Thursday, March 02, 2006

Village No Longer Needs Proposed Wal-Mart Building Site

Story on WNBZ radio website here. It seems the village of SL has plenty of sand on a 220 acre piece of land located across from the sewage treatment plant. They are now applying for a mining permit to take sand from the site. This means that the old sandpit area can be freed up for purchase by whomever (Wal-Mart). And guess what? It just so happens that the 220 acre site is perfectly suitable for a housing development. That means future housing development at the old sandpit site no longer need concern us. Funny how things just happen to fall into place, especially when no really knows what is going on.


Anonymous said...

maybe the property is suitable for housing, but who would want to live there? Howard Riley in his commentary said it well. "Debbie McDonnell even suggested at this same meeting that some of the property could be used for affordable housing, although no one seems to know what affordable housing means. It will be affordable all right; wait until the wind changes and your little piece of paradise is located right behind the sewage treatment plant." Howard is right when he says no one seems to know what affordable housing means. Does anyone want to venture an idea here?
Personally, I am so saddened by all the accusations, mud slinging and name calling I have seen lately. And it is all because we have no place to buy clothing, household items,etc. Who could have imagined what the loss of Ames would do to this community? I heard many times that "Ames ain't got nothing." But many of us shopped there, and Ames managed to sell lots OF NOTHING over the years.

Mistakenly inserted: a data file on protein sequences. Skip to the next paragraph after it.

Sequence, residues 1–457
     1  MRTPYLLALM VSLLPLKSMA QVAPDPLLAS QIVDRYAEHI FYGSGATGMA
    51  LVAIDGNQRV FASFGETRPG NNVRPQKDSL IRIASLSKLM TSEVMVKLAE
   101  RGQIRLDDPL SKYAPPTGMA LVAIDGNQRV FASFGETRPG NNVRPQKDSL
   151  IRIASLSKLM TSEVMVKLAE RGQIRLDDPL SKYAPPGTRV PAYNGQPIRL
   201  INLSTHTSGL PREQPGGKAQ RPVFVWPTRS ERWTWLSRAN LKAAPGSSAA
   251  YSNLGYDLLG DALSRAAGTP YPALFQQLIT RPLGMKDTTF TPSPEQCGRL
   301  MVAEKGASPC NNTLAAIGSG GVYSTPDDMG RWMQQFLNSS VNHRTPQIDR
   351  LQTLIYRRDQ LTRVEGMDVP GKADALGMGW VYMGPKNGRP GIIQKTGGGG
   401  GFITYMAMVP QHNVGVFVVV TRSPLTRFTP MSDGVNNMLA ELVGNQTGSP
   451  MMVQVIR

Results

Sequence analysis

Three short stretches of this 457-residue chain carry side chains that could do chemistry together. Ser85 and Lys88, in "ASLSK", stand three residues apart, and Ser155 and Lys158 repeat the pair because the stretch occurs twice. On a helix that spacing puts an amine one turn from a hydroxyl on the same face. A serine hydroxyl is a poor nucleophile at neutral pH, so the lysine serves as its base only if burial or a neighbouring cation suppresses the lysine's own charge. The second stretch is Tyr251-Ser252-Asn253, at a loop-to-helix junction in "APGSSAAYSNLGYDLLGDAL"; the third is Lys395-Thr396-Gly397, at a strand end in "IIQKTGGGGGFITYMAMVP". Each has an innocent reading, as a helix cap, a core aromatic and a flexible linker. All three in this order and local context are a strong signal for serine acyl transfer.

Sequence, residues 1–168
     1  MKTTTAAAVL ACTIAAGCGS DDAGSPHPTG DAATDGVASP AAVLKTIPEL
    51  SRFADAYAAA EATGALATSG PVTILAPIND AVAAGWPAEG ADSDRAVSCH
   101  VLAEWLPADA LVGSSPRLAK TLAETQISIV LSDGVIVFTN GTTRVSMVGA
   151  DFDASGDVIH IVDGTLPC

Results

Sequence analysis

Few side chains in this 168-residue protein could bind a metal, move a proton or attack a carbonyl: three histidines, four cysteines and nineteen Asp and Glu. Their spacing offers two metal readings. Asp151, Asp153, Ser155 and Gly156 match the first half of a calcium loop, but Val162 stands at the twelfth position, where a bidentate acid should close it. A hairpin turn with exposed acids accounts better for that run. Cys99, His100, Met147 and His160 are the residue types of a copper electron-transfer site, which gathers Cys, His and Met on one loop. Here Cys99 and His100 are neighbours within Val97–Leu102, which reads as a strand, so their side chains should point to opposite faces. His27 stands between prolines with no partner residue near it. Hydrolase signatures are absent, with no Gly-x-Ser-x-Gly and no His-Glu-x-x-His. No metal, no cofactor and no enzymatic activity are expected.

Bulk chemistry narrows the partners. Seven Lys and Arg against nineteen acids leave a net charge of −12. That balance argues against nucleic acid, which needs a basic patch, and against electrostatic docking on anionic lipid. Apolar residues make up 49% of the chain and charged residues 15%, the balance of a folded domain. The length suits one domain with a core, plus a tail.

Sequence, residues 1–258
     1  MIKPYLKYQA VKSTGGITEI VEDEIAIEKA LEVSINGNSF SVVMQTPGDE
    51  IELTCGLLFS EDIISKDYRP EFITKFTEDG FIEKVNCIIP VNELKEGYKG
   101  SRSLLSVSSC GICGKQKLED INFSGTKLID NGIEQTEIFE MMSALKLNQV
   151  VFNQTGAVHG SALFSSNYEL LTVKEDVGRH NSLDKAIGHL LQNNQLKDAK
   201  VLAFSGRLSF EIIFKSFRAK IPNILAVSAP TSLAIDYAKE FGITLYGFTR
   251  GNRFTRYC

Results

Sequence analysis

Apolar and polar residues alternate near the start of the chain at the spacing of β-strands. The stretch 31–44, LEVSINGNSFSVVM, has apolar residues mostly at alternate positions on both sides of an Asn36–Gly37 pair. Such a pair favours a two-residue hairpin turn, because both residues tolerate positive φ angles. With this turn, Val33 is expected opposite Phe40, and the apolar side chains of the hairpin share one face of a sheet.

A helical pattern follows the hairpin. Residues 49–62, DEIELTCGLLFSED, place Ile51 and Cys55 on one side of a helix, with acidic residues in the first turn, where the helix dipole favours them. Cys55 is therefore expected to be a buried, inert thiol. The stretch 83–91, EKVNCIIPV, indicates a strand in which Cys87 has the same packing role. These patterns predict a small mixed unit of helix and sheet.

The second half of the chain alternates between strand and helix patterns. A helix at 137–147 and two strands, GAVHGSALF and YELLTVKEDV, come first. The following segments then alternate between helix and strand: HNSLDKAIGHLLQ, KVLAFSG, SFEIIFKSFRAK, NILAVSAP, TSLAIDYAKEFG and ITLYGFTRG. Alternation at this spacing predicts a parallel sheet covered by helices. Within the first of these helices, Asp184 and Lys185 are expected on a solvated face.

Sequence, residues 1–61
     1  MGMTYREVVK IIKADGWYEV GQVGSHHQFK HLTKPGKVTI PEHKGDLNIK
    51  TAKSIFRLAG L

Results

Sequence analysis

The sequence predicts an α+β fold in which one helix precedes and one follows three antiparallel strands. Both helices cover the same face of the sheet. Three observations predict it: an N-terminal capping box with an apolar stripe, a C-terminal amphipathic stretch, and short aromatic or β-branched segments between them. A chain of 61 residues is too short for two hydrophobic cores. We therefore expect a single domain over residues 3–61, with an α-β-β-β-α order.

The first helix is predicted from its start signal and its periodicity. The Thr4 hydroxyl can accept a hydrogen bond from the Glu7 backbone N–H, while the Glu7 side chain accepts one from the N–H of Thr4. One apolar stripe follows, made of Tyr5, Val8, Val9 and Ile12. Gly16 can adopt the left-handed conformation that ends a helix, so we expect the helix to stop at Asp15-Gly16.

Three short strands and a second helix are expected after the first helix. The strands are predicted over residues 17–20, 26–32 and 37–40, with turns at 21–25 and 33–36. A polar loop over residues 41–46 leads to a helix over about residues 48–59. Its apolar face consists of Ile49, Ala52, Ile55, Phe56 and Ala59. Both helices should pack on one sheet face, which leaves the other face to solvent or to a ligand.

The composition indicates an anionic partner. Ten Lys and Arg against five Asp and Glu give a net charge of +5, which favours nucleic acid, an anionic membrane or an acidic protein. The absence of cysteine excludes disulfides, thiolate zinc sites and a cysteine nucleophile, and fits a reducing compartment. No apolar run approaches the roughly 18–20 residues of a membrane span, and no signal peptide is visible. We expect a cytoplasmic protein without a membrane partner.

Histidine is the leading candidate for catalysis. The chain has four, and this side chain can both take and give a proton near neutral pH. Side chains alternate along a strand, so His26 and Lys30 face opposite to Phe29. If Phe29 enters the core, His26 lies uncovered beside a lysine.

The unfortunate thing here is that many small department stores have gone out of business. Ames, Woolworth, W.T. Grant, Newberry's and many others are gone. Why? Some because of mismanagement and financial troubles. Others because the Wal-Marts and K-Marts of the world forced them to close as they just couldn't compete.
It is also unfortunate that we are such a small community that even the Target's, Kohl's and Hacketts won't come. But there is a solution to all this.
In 2004 the Enterprise had an editoral about a "community based department store." If we had pursued it back then, we would already have it. This concept is successfully working in Powell, Wyoming and other communities. We didn't get named the 1998 All America City for nothing. Why don't we try this concept instread? I bet it wouldn't take long to get it going, and it is certainly better than mud slinging, name calling, and a divided community.

Joe Marocco said...

I agree - it seems like a perfect fit for this community. How does one go about starting the process to get one here? I guess the reality is that until we know what is going to happen with Walmart, there isn't much sense in pursing it (i.e. who would invest in a community store w/ w-m coming to town?)

Also, from what I've heard, HAcketts wants in here but they won't build a store (they want to rent/buy an existing structure).